Our Father’s fathering

A Christian Science perspective: Celebrate Father’s Day with Jesus’ teaching. 

On Sunday, June 21, many people in the United States will be celebrating Father’s Day. Neither my biological father nor my stepfathers are alive to celebrate with me, but I still like to participate in Father’s Day by celebrating God, my – and everyone’s – divine Father.

This concept of God as Father was given by Christ Jesus when he gave his followers the Lord’s Prayer, which begins, “Our Father which art in heaven” (Matthew 6:9). Whenever I prayed the Lord’s Prayer, I didn’t really think of God as Father in any deep sense. To me, prayer was like saying, “Hello, I need help.” So, it took me a while to think of God as my Father. I tended to think of Him more as a Rescuer than as a Father who was always there to guide and help me.

When I learned about Christian Science and began to study Mary Baker Eddy’s book “Science and Health with Key to the Scriptures,” my understanding of God’s fathering deepened. In her book, she states: “Father-Mother is the name for Deity, which indicates His tender relationship to His spiritual creation” (p. 332).

Through this passage I learned that God isn’t a kind of call center in the sky that’s waiting to dispatch divine aid in emergencies. Rather, we have a “tender relationship” to divine Love, our Father-Mother, who is reliable at all times and in all places. His care is ever present and trustworthy; always cherishing and guiding us.

This doesn’t mean that God knows us as material beings – that I am short and maybe you are tall. Rather, Father-God sees us as His likeness, expressing spiritual qualities such as intelligence, love, joy, gentleness, purity, and truth. These and other attributes describe our spiritual inheritance from our Father-Mother God, who is Spirit.

Because this relationship is spiritual, we can never lose our inheritance from Spirit. In other words, even if we seem to be the result of a biological process, our true nature is spiritual. And this is true of our human fathers and mothers as well.

All of us are the outcome of the one God, the loving Father whom Christ Jesus taught and with whom he was willing to trust his life, even so far as to face crucifixion. His trust in his inseparable relation to God was well founded, as shown clearly in his resurrection, a powerful proof of God’s fathering love for all of us.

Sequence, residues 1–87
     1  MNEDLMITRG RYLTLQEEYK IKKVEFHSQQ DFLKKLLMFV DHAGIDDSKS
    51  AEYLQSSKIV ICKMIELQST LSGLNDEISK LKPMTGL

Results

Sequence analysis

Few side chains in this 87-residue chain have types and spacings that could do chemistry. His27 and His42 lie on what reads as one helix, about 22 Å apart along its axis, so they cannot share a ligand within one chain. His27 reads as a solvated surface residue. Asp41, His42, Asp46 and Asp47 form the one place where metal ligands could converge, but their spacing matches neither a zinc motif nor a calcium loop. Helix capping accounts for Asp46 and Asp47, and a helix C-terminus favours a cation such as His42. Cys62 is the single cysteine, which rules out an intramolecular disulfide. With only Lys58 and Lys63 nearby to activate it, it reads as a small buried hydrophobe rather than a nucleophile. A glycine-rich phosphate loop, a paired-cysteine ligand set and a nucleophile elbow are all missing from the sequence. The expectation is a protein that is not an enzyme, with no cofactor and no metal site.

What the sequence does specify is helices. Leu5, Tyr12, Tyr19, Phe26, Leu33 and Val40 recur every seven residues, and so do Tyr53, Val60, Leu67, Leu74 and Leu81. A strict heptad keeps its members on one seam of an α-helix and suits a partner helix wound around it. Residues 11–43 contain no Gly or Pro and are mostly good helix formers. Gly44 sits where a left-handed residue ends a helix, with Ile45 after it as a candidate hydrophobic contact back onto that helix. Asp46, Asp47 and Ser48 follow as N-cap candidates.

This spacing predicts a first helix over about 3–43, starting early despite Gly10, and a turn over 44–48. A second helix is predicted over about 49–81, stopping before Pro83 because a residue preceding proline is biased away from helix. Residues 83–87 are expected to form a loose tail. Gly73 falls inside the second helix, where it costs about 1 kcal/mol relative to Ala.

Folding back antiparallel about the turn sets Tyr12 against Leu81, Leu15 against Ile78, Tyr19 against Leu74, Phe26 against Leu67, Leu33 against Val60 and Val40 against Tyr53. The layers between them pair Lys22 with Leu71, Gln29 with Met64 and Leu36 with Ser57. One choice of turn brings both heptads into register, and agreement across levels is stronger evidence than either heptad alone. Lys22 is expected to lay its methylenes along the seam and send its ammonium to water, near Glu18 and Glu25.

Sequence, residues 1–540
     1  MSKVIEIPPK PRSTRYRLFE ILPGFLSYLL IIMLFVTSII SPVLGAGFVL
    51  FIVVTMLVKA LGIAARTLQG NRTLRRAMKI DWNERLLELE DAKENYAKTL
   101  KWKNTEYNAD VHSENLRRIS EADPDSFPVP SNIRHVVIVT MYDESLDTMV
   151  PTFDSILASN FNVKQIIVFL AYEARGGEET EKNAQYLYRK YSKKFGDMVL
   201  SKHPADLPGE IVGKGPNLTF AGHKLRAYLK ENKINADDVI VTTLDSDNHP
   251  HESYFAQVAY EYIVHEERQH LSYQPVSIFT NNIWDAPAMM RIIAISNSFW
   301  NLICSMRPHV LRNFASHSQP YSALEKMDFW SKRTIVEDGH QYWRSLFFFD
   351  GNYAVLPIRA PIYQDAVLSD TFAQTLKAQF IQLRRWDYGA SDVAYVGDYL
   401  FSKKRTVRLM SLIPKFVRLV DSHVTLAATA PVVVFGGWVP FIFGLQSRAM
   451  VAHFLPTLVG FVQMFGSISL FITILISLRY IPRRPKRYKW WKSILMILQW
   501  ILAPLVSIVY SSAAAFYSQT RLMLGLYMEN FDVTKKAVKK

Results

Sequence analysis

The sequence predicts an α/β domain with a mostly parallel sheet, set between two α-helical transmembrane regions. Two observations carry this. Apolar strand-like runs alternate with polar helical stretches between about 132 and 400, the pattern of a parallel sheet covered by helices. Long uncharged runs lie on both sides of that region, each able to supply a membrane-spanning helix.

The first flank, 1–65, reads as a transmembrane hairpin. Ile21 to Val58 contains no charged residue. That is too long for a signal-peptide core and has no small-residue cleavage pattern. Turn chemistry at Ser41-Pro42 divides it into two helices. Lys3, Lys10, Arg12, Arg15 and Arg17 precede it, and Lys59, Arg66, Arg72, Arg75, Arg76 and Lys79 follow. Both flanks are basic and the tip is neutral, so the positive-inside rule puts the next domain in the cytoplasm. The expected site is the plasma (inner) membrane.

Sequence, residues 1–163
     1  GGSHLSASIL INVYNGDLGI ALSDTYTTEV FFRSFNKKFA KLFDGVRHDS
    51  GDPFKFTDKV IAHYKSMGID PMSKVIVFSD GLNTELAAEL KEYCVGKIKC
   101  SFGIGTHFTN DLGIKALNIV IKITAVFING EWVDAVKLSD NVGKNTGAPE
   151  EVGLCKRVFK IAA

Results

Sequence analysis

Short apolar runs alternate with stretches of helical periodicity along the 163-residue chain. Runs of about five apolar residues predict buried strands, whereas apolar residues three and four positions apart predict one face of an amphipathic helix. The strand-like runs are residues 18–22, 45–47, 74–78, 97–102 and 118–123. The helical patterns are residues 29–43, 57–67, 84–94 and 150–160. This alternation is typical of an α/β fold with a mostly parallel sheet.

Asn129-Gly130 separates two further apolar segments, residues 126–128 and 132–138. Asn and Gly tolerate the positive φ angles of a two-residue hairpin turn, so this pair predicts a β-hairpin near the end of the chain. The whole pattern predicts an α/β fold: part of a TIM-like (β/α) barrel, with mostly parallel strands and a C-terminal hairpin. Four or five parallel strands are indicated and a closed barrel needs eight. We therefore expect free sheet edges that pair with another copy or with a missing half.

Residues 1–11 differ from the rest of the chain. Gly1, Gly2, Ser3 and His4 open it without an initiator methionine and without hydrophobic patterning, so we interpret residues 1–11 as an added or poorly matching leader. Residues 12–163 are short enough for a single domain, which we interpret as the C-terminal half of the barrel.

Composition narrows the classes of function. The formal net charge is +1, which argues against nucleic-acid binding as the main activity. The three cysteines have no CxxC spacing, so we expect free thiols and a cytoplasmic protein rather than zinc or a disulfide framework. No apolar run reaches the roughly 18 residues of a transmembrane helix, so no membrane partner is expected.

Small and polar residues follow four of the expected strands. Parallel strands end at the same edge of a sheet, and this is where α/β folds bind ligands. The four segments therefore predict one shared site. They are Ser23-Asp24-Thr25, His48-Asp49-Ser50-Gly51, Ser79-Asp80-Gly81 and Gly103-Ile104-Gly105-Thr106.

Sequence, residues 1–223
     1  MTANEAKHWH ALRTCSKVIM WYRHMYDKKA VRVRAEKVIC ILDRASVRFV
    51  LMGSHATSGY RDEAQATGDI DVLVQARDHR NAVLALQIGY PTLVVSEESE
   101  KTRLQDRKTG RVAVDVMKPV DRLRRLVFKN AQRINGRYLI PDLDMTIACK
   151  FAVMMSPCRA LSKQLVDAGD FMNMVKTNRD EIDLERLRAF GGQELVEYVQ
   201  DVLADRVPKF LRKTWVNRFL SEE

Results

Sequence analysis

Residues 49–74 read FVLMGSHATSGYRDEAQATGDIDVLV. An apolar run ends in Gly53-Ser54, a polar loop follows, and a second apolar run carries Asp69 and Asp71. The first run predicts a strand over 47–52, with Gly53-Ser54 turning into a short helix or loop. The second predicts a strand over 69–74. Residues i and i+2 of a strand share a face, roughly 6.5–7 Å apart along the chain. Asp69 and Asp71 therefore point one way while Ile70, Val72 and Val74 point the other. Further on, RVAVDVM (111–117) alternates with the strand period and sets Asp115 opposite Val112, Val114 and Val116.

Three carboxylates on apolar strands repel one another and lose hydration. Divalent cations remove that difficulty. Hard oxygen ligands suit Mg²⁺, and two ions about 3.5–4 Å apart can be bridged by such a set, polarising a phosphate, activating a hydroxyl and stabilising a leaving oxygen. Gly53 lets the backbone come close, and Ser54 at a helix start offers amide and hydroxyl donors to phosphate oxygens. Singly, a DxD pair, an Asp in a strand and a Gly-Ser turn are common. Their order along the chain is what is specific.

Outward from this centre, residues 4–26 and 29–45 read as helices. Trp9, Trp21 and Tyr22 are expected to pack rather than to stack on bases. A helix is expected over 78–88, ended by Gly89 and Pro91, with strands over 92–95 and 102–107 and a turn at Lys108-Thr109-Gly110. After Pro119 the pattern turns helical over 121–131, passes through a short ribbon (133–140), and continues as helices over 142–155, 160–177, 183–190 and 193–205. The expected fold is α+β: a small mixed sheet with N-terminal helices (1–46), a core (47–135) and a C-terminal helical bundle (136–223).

Embracing our spiritual relationship to God brings practical and reliable fathering and guidance into our thoughts and therefore into our lives, and it touches the lives of others. From a human standpoint we may hear His direction as a spiritual intuition that protects us, like a thought, “Don’t go down that street.” God may also inspire us to make peace with someone with whom we are in conflict.

For example, during a conflict with my stepfather after my mother’s passing, it seemed that there was no solution. I felt frustrated, angry, and powerless. I prayed and prayed. Finally, desperate not for a resolution of the situation, but to be free of the anger I was feeling, I just asked Father-God for that freedom.

Instantly, two things happened. First, I saw the situation from my stepfather’s point of view, and second, I felt assured that our impasse would be resolved. Within a few days, everything was amicably taken care of.

I’ve had many proofs of God’s fathering care since then, and in my prayers I’ve found Mrs. Eddy’s spiritual interpretation of the Lord’s Prayer invaluable. One passage I find especially meaningful is: “For Thine is the kingdom, and the power, and the glory, forever” / For God is infinite, all-power, all Life, Truth, Love, over all, and All” (Science and Health, p. 17).

This thought that the kingdom belongs to God, our Father, has been so transformational for me. It means our Father is governing – not intermittently intervening at certain times, but presently fathering all of us right now, wherever we are.

This day and all days, we are living in our Father’s kingdom, the realm of Love, not in the kingdom of inharmony, fear, or other trouble. As we mentally cherish our “tender relationship” to Father-God, we become more aware that His infinite, spiritual, saving presence is here for all of us. Our Father is with us and our loved ones. And He is with you, Dads, on Father’s Day and on all days.

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About a year ago, I happened upon this statement about the Monitor in the Harvard Business Review – under the charming heading of “do things that don’t interest you”:

“Many things that end up” being meaningful, writes social scientist Joseph Grenny, “have come from conference workshops, articles, or online videos that began as a chore and ended with an insight. My work in Kenya, for example, was heavily influenced by a Christian Science Monitor article I had forced myself to read 10 years earlier. Sometimes, we call things ‘boring’ simply because they lie outside the box we are currently in.”

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